The Benefits of Oil Pulling: How it Helped Tighten my Loose Teeth

Coconut Oil is one of the most commonly used for oil pulling today.

What is Oil Pulling?

An animal thoroughly enjoying a coconut.

Oil pulling is the process of taking a spoonful of a plant oil and swishing it around in your mouth for about 10-20 minutes and then spitting it out. The oils used differ slightly, but the most popular by far is coconut oil, while traditionally sesame oil was used.

Oil pulling began over 3,000 years ago as an Ayurvedic practice for overall oral health. It was purported to “prevent tooth decay, bad breath, bleeding gums and to strengthen your teeth and gums” (3).

Quite hefty claims, but it seems many people (including myself) sing the praises of oil pulling!

Oil Pulling Research

Sadly, there doesn’t seem to be much scientific research that backs the claims people have been experiencing. I dug around for a long while but didn’t stumble upon anything concrete. Nothing online, at least. However, I did not see anything that disproved oil pulling so I am inclined to think the proof of benefits are just down to a lack of research.

Glorious, glorious coconut oil.

I did find one study that stated oil pulling with sesame oil can reduce the bacteria in your mouth. The particular bacteria studied was Streptococcus mutans. The study group saw a reduction in bacteria population after 1-2 weeks of oil pulling just ten minutes a day! (1).

Although the study utilized sesame oil, I imagine coconut oil would be similarly effective. Coconut oil has been shown to possess antibacterial properties.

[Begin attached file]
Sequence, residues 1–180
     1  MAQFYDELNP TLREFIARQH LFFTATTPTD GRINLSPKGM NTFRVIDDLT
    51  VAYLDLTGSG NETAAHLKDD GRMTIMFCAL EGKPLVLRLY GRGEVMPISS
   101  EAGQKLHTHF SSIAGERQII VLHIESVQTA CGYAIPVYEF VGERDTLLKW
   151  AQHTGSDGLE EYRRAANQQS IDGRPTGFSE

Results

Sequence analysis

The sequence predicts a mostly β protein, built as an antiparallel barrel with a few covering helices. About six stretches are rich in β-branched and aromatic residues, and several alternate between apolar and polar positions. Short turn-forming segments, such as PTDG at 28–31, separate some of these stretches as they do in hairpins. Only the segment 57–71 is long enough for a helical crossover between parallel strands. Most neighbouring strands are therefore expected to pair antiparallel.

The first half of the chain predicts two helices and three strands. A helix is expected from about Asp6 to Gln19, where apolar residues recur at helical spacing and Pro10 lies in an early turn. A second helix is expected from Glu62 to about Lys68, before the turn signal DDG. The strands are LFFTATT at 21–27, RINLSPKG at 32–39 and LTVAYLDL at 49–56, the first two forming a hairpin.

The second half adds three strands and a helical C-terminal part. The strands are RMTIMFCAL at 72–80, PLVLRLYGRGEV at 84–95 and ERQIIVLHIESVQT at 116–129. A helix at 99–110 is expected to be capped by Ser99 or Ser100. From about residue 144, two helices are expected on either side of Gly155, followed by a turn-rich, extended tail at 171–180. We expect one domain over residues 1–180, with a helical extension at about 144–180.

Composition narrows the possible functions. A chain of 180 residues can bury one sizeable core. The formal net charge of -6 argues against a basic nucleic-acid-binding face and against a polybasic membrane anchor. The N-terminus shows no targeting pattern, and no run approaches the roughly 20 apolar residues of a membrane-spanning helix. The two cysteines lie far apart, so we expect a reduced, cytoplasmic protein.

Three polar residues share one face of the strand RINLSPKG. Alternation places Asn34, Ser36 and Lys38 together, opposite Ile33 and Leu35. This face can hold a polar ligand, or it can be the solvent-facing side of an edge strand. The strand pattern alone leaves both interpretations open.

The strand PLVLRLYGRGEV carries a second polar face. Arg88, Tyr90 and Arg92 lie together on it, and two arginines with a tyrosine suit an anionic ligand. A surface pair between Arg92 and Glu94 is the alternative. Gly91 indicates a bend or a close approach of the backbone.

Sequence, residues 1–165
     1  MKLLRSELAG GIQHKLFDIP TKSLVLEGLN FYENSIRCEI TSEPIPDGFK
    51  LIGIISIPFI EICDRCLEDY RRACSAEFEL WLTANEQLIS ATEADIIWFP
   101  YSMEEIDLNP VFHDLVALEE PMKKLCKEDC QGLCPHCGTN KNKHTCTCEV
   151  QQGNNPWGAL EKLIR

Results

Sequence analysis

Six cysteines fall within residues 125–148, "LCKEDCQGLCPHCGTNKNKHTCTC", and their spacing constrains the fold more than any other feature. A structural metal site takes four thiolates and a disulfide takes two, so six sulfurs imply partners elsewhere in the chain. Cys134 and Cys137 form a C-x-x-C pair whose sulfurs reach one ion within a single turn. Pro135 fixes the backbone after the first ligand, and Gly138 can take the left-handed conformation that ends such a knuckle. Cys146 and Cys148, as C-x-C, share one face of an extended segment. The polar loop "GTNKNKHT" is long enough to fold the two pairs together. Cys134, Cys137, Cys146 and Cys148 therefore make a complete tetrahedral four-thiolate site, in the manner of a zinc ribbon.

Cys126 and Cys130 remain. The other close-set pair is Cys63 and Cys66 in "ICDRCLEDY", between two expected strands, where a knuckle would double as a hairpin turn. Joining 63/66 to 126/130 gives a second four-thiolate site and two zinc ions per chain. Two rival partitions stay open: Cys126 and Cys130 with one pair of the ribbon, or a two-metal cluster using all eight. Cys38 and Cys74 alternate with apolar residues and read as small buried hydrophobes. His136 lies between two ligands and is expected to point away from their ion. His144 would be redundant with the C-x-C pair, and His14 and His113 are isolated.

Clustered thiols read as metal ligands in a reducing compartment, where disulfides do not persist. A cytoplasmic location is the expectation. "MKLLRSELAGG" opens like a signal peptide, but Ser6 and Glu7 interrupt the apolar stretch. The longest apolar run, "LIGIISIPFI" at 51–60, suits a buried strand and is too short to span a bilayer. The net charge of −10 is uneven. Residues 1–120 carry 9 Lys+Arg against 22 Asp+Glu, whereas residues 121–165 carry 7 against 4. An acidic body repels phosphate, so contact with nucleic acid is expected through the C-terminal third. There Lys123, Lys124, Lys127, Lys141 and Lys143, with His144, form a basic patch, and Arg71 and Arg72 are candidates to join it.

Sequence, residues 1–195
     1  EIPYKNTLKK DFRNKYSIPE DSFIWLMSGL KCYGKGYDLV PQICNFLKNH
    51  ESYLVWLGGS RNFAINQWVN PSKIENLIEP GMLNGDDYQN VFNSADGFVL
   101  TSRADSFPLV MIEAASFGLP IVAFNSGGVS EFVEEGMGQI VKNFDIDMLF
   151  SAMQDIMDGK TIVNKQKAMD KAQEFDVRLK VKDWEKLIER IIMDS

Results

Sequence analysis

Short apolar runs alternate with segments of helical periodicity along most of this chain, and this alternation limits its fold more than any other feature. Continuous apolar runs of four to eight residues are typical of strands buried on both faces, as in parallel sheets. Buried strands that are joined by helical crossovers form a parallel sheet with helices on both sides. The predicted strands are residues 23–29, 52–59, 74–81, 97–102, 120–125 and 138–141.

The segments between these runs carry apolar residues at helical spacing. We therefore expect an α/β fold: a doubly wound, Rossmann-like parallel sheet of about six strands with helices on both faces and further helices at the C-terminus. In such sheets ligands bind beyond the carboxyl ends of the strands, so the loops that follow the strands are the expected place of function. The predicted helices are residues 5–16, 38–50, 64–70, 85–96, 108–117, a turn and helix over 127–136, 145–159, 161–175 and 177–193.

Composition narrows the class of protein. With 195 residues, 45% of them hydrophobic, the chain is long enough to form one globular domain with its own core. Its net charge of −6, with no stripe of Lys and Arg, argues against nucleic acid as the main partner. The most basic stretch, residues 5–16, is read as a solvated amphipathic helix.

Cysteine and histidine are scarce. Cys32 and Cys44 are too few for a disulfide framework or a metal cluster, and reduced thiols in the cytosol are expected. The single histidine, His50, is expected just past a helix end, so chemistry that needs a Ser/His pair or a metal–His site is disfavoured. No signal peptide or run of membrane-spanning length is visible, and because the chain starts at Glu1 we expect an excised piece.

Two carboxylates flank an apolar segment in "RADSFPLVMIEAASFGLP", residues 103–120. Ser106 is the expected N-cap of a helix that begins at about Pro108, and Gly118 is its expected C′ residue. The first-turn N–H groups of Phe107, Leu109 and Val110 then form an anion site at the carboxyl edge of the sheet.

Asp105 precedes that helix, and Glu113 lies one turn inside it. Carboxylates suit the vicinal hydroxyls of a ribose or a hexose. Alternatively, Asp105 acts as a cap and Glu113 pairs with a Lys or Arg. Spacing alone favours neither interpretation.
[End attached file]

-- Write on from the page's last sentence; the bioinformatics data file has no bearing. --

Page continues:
What the American Dental Association Says (and a Digression)!

The ADA does not recommend oil pulling. “The ADA recommends that patients follow a standard oral hygiene regimen that includes twice-daily toothbrushing with fluoride toothpaste and cleaning between teeth once a day with floss or another interdental cleaner, using ADA-Accepted products” (2).

Now there’s nothing wrong with teeth brushing and flossing, in fact, that’s great and everyone should do it. But they also recommend fluoride toothpaste, which is a known toxin. On a study done on water fluoridation, the research noted that fluoride has “Insidious effects that can occur on musculoskeletal, neurologic, reproductive, and endocrine systems from long-term ingestion of fluoride in water…” (4).

Do you use fluoride toothpaste?

Water is fluoridated at much lower concentrations than toothpaste, so imagine what that is doing to your body! All of the tiny amounts swallowed and absorbed over time are bioaccumulated and stored. There’s a reason there’s a warning label telling you not to swallow fluoride toothpaste, and to call poison control if you do! (4).

The ADA cites a lack of solid research as to why they do not recommend oil pulling. This is completely respectable. However, there is clearly nothing dangerous about oil pulling and there is no harm done in trying it to see if it works for you. It’s putting an edible oil in your mouth and swishing it around for 10-20 minutes, how bad can it be?

On an unrelated note, in the same article the ADA also recommended using mouthwash as a part of your oral care regimen. They stated “Listerine contains four essential oils (thymol, eucalyptol, methyl salicylate and menthol) as its antiplaque and antigingivitis active ingredient combination” (2).

This is a false statement. thymol, eucalyptol, methyl salicylate, and menthol are not essential oils. They are organic compounds that make up an essential oil! They are the constituents; not the whole oil. Thymol is a compound found in thyme essential oil, eucalyptol is a compound found in eucalyptus essential oil, etc. This is an inaccuracy that further feeds skepticism toward their claim. But I digress.

What other People Say about Oil Pulling